It’s one thing to have an HIV-negative partner who needs to be protected from the virus, but what happens when someone’s partner is HIV positive?

The answer to that question may surprise you.

In a study published this week in the Journal of Medical Ethics, researchers in Italy discovered that people who have HIV-positive partners are more likely to experience side effects when using anti-reovirus drugs.

Researchers say the drug could be used to treat some people who might not respond to existing antiviral treatments.

A man walks past a hospital in the capital Rome on January 26, 2020.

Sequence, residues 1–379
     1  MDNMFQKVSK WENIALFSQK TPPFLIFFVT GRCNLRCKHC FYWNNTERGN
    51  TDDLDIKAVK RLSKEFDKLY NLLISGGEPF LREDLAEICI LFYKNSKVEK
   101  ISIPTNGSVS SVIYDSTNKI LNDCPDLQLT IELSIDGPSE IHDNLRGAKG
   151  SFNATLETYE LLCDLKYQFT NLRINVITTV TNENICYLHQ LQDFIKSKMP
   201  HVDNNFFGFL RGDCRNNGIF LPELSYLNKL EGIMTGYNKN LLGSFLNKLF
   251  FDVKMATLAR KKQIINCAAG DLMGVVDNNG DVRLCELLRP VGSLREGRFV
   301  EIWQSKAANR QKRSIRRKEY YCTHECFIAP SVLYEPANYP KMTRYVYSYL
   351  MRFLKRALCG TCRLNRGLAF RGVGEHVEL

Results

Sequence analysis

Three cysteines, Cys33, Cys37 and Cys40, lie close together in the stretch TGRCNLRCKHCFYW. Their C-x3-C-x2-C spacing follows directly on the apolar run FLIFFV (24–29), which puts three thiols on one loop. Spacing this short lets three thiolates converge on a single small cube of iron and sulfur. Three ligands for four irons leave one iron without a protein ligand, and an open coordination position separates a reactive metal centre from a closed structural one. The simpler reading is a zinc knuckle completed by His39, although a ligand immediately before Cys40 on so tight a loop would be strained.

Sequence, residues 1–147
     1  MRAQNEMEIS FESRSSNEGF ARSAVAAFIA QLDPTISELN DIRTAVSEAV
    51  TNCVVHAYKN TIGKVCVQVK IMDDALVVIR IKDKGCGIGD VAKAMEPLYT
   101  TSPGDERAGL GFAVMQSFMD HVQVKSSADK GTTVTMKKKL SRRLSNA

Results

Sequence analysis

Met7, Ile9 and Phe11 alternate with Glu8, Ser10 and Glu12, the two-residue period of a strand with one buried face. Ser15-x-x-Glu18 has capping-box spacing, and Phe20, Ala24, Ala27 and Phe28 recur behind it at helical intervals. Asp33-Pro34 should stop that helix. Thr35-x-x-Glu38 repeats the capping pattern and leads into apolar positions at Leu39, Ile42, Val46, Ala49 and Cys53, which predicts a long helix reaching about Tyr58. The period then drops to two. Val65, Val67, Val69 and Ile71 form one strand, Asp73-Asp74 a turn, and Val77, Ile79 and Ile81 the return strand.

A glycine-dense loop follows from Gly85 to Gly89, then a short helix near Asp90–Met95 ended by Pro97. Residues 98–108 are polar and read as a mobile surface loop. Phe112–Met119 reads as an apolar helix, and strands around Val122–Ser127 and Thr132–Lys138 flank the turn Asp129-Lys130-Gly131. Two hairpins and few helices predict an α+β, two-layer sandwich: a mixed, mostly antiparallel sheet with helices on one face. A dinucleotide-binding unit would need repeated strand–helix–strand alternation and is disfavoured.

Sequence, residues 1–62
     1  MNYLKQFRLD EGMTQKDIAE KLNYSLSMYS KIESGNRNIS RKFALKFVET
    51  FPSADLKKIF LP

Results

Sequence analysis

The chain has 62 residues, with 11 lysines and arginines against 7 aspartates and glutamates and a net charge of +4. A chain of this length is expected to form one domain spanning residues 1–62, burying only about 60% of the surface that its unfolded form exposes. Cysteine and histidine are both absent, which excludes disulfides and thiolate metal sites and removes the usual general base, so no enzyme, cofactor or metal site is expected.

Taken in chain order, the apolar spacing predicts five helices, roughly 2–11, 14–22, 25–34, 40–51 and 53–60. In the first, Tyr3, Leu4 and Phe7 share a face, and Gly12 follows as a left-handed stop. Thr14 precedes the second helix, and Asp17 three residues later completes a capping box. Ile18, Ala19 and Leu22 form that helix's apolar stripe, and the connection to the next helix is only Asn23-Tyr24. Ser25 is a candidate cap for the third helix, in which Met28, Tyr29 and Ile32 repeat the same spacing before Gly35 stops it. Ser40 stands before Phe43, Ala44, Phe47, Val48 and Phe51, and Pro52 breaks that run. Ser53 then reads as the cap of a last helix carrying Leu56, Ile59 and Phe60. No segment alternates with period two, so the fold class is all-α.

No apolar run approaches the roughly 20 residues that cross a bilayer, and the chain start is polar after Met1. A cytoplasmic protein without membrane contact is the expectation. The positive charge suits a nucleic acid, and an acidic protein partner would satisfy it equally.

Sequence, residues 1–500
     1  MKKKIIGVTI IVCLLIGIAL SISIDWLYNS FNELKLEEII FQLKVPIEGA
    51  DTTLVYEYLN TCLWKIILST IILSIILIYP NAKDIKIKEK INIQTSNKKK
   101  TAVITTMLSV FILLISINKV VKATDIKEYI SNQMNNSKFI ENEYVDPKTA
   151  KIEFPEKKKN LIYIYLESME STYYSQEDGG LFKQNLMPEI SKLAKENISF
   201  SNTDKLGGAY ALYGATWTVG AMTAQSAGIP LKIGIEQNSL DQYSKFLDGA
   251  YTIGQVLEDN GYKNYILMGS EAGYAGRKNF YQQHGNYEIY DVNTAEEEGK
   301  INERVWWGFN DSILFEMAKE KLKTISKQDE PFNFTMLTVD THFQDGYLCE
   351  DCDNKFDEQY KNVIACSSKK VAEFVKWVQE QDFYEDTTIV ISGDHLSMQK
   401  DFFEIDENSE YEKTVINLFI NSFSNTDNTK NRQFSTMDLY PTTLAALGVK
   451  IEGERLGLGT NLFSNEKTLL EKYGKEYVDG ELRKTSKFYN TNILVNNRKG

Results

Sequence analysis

The Italian researchers found that people with HIV-Positive Partners were more likely than those without the virus to experience a range of side effects.

The study focused on a drug called mupirocin, which is used to help treat people with moderate-to-severe HIV-1 infections, including those who have been tested positive for the virus.

According to the study, people who had HIV- positive partners were more than five times more likely when taking muprocin compared to people who did not have the virus who also took the drug.

When a person who was HIV positive became HIV negative, they were four times more apt to experience the side effects, the researchers said.

Researchers said the side effect could be beneficial, but not the only way it could work.

The researchers say they are now looking into other ways to prevent the side-effects of anti-HIV-1 drugs from occurring.